Ceylon Tobacco Company (CTC) which is owned by of British American Tobacco (BAT) through owning more than 92% of shares. The ruthlessness of this killer company is endless. While killing  65 Sri Lankans each day and making children fatherless, this company organised a get-together for families (including children) who are engaged in the cigarette industry. This is a violation of the NATA
Act No. 27 of 2006 as any promotional activity of tobacco cannot be carried out especially for children. It was shameful to see the Chairperson of the killer tobacco company opening a Vesak ceremony which was to commemorate the most important Buddhist event.




 Out of all the interferences to public health the double standards in following pictorial health warning regulations tops. BAT attempts to undermine the implementation of pictorial health warnings in Sri Lanka by bringing up ineffectual excuses where as they have to abide by policies in countries like Australia, Mauritius and Uruguay. They have compromised the brand name and logos completely in Australia which has imposed plain packaging and in countries like Uruguay they have limited the brand details into 20%.Tobacco Company repeatedly questioning the Court decisions and ignoring the unanimous decision of the Parliament to implement pictorial warnings covering
80% of cigarette packaging implies this ruthless company’s respect for the sovereignty of Sri Lanka.
Therefore as Sri Lankans we need to question ourselves whether we need to facilitate a multinational of this sort, whether we need to have loose taxation policies on them, whether we can to let them blemish the future of our children and youth.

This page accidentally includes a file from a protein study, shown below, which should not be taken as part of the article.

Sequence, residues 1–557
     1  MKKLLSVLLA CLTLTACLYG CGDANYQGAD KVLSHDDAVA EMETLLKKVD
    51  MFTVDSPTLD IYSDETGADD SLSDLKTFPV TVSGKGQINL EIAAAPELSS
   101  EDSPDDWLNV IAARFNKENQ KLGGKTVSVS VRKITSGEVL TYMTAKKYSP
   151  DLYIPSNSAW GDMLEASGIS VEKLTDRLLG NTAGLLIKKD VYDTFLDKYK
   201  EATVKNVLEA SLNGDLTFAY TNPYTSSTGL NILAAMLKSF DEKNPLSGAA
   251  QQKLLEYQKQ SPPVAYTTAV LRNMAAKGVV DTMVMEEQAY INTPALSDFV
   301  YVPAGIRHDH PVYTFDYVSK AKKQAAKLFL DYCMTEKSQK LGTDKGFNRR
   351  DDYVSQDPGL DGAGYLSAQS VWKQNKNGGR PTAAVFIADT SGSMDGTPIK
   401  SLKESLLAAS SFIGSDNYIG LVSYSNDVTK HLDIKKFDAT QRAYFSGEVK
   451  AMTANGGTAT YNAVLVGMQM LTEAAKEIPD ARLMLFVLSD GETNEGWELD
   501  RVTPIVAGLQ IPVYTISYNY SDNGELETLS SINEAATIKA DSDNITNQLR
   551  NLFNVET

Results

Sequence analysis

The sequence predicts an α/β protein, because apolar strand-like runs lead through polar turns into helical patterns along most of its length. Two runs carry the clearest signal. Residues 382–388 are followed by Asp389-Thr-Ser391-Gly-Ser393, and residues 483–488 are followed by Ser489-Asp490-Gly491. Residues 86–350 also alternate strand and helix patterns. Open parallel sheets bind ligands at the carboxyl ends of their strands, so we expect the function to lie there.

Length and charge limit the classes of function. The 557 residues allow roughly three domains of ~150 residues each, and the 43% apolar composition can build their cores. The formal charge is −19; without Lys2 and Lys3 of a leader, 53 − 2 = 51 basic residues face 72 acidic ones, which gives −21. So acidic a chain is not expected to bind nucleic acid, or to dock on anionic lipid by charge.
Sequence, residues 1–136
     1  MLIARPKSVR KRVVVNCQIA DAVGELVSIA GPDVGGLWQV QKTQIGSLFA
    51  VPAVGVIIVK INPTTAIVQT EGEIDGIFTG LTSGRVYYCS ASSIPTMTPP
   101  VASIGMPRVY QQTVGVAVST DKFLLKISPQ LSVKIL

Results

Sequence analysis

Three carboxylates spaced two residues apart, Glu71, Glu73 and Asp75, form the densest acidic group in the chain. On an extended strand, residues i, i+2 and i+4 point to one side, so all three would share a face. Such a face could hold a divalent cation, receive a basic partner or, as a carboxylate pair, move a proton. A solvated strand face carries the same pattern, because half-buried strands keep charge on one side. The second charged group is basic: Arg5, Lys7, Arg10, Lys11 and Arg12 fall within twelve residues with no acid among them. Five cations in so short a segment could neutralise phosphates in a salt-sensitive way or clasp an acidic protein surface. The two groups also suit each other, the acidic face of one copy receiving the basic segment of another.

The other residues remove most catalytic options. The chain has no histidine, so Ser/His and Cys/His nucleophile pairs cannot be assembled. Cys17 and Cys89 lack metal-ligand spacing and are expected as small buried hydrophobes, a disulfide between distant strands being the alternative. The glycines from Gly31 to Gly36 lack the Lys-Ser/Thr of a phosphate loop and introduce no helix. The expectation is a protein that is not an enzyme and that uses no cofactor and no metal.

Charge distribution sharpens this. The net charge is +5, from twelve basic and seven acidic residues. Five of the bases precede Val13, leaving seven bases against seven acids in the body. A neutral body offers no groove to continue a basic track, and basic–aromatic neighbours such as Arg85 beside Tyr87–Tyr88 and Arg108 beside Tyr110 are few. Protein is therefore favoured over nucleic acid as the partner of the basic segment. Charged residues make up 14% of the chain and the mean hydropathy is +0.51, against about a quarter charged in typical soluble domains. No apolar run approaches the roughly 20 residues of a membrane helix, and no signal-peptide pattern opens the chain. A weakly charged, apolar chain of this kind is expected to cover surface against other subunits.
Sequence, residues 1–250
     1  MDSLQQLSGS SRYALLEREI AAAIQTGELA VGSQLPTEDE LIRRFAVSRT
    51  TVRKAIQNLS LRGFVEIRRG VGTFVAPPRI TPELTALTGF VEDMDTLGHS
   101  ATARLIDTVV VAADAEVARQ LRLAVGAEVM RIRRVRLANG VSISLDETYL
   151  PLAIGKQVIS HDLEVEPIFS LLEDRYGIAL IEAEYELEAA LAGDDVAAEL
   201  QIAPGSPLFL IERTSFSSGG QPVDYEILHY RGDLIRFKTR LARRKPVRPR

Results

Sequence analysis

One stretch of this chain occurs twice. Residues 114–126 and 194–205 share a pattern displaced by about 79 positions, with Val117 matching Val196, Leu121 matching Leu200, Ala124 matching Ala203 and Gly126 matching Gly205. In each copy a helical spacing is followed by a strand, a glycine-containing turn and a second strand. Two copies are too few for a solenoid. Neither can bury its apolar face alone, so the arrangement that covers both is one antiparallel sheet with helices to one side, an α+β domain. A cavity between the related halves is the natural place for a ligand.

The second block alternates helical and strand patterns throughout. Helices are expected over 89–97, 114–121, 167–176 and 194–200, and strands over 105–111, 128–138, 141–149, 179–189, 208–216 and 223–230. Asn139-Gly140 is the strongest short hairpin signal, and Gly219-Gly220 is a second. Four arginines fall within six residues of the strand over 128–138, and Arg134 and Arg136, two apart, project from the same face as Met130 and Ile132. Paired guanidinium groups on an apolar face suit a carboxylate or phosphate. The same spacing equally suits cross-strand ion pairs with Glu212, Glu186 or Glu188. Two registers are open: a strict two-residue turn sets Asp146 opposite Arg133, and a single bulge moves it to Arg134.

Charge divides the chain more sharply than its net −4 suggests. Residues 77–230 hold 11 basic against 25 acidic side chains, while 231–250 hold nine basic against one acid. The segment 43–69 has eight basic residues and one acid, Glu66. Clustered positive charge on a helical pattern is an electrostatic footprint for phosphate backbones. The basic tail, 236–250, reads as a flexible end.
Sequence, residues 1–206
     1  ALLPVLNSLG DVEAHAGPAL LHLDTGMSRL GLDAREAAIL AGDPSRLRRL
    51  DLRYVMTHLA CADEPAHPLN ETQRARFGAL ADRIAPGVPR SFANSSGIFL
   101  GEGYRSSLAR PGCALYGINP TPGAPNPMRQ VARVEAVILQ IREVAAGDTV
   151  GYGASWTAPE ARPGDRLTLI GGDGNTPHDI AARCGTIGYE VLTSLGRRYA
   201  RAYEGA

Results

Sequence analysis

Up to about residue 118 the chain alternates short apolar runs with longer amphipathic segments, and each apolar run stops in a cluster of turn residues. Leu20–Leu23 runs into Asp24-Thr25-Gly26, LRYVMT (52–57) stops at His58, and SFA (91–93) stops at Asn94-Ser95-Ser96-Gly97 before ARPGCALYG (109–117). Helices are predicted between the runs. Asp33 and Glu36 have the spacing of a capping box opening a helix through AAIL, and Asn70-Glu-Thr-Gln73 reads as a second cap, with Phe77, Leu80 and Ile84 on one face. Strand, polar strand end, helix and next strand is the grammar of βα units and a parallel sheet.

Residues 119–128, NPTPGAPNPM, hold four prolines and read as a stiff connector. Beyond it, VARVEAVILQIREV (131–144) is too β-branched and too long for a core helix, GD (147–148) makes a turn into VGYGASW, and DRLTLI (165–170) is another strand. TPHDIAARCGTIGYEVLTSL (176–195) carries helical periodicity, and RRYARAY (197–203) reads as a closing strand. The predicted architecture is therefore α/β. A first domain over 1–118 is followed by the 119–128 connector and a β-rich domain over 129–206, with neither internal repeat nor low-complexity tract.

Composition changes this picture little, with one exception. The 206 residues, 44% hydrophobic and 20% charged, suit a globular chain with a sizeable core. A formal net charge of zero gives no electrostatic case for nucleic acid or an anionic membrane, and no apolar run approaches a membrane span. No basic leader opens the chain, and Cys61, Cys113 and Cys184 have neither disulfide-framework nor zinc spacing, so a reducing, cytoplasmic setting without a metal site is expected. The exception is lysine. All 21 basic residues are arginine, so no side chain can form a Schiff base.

However as a country, we can still be proud and happy due to many reasons when combatting the killer tobacco. Firstly we have a President whose propaganda is “Mathata Thitha” and a Health Minister who is determined to take all the tobacco controlling measures to ensure a secured future for youth. The NATA Act although there are few loose ends, provides a framework and policy background for tobacco control. There are a few towns which do not sell cigarettes and some of the trade associations decided to stop the sale of cigarettes in the near future. The CTC reports show that sales have decreased by 14% from first quarter of 2012 to 2013.
The contribution for tobacco control of professions from many fields, celebrities, policy makers, policy implementers, academics, and general public including youth and even smokers, is at an extraordinary level. Especially media play an important role in raising awareness among all the Sri
Lankans.




As responsible policy makers, policy implementers, media, professionals and academics and most importantly as responsible Sri Lankans, we can do following the in our own capacities to create a safe haven for our children and youth:
Developing and implementing a rational transparent pricing and taxation policy on tobacco
 Exposing the interferences of tobacco industry in undermining public health policy formulations and implementations.  
Supporting the implementation of pictorial health warnings covering 80% of principal surface area of cigarette packaging to ensure the rights of our Sri Lankan children to enjoy the same benefits as children in developed countries.

  Comments - 1

  • Cobra Sunday, 01 June 2014 01:58 PM

    And who stands to lose???